For hundreds of years the patron saint of Banff was the Virgin Mary, mother of Jesus. There they are, the mother and child, on Banff’s coat of arms to this day. The fine stained glass window on the staircase up to the Museum has them as its centrepiece. The Mercat Cross on the Plainstones in Low Street has on the front Christ crucified, with Mary and John on either side, but most unusually, facing the other way, it has the Virgin and Child. That cross is in fact a modern copy, and the real medieval mercat cross, wonderfully weathered and evocative, is in the Banff Museum. In even worse condition, because it was probably damaged when it was dug up, is the Banff Pieta, a very rare piece of medieval sculpture, also in the Museum. The Pieta shows the tragic sight of the Virgin cradling the body of her dead son after the crucifixion.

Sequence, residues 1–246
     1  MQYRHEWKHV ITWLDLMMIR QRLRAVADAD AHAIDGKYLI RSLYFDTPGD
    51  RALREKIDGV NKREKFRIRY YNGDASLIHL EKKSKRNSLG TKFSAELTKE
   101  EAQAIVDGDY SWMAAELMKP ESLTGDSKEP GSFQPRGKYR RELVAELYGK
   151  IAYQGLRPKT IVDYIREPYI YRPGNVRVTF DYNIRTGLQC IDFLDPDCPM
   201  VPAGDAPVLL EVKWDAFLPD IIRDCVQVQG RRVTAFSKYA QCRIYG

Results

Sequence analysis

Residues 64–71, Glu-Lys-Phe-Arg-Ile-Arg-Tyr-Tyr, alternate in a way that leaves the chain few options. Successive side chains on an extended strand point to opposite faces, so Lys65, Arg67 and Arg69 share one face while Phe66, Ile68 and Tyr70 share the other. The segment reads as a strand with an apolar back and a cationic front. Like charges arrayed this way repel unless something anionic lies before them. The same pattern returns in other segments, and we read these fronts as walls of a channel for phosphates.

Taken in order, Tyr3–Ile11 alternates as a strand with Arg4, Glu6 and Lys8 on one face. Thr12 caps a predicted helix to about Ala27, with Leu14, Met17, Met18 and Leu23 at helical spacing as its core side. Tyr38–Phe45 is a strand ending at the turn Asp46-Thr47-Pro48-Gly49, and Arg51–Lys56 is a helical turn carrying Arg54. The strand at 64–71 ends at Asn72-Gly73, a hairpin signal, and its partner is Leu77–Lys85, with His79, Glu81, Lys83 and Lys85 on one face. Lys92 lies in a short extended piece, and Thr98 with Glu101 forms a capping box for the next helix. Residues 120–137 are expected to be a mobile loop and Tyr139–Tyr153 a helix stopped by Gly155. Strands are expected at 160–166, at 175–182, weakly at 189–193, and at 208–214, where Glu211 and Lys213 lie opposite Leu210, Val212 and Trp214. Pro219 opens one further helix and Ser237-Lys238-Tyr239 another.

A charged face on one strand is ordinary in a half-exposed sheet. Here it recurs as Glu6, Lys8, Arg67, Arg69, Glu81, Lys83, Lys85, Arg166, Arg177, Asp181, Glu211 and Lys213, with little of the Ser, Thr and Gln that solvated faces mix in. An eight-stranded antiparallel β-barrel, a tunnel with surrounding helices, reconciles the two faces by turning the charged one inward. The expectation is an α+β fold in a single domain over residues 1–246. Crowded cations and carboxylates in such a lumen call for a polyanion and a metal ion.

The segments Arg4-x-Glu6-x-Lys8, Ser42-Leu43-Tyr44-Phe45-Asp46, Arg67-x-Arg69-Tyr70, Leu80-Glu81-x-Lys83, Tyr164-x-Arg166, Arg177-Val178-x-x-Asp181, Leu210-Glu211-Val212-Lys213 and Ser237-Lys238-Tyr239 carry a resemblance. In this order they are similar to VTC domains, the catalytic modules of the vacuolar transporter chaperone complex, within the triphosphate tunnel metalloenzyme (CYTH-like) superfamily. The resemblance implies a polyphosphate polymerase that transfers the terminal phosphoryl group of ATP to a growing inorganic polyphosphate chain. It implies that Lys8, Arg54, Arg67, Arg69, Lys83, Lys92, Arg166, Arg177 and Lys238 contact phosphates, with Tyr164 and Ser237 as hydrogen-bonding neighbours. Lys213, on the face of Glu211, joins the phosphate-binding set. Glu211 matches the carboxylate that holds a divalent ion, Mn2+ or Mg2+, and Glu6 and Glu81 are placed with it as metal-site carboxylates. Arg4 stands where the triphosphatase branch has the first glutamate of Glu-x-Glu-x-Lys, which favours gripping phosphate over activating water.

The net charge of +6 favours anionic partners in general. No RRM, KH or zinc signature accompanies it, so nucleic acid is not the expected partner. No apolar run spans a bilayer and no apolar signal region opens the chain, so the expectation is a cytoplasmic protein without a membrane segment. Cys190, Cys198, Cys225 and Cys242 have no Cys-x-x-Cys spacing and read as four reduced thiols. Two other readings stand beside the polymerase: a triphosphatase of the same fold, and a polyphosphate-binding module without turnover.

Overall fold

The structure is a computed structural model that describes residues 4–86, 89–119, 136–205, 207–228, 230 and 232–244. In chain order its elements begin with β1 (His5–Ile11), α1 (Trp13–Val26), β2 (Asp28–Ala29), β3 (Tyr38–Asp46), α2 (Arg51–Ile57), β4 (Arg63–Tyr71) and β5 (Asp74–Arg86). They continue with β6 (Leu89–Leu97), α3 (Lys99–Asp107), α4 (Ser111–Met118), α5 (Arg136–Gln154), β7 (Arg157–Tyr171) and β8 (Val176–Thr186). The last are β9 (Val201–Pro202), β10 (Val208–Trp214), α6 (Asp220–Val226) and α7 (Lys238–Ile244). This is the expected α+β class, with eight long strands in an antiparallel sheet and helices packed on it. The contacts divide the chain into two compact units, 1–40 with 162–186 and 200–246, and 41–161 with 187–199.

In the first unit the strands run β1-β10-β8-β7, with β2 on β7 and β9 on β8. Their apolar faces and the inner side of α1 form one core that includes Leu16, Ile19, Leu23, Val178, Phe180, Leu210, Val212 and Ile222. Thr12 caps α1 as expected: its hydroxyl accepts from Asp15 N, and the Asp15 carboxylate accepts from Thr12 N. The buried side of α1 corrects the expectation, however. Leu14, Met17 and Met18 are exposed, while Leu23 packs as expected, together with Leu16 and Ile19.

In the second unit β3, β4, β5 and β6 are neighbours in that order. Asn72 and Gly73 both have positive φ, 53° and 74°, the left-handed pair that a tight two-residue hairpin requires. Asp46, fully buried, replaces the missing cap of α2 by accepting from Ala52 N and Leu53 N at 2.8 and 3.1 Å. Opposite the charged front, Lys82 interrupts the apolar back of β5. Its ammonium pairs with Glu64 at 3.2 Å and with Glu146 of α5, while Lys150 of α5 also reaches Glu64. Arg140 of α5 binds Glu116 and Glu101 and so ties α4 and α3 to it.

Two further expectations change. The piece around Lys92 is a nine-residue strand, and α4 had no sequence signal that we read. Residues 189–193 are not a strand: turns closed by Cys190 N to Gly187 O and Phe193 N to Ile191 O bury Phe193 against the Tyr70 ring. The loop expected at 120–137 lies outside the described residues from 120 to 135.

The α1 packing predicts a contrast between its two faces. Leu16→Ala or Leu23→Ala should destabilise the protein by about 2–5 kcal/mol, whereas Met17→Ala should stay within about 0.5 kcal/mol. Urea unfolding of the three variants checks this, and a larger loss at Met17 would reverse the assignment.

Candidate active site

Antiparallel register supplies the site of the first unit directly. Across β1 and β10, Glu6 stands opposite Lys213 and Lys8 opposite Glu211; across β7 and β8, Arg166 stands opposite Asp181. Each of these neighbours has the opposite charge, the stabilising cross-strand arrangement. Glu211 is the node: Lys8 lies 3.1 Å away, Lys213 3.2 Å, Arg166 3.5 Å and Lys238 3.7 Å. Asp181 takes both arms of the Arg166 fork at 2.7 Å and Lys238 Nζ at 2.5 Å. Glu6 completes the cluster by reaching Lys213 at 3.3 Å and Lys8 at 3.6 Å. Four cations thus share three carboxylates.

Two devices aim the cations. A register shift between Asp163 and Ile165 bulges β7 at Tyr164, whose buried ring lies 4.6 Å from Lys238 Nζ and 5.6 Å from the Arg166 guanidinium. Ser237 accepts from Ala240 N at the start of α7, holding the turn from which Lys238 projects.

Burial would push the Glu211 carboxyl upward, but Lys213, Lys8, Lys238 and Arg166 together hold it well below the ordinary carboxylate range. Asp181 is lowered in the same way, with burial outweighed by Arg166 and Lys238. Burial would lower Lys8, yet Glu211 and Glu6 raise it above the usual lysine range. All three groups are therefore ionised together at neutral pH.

These pieces of sculpture take us back to the Middle Ages. But what is surprising and wonderful to a historian is another carving of the Virgin and Child. We should remember that the Reformation in Scotland in 1560 was a generation later than England, but much more thorough. One key aspect of it was the destruction of statues and paintings and glass: “Thou shalt not make to thyself any graven image” (Exodus 20). The Reformed Church had no time for statues of the Virgin. And yet, if you stand by the Mercat Cross and look away from the traffic towards the town steeple there fixed in the wall is an image of the Virgin and Child dated 1628. (There is another undated one above it.) That is 68 years after the Scottish Reformation. Banff was a town where they did not want to throw the baby out with the bathwater They loved the Episcopalian compromises between Catholic and Reformed, with set forms of prayer, though in English not in Latin, and they kept the old saints’ days and the great feasts of the church, like Christmas and Easter (then called Yule and Pasch). And obviously they had no objection to the new image of Our Lady of Banff. Perhaps they explained it as purely heraldic.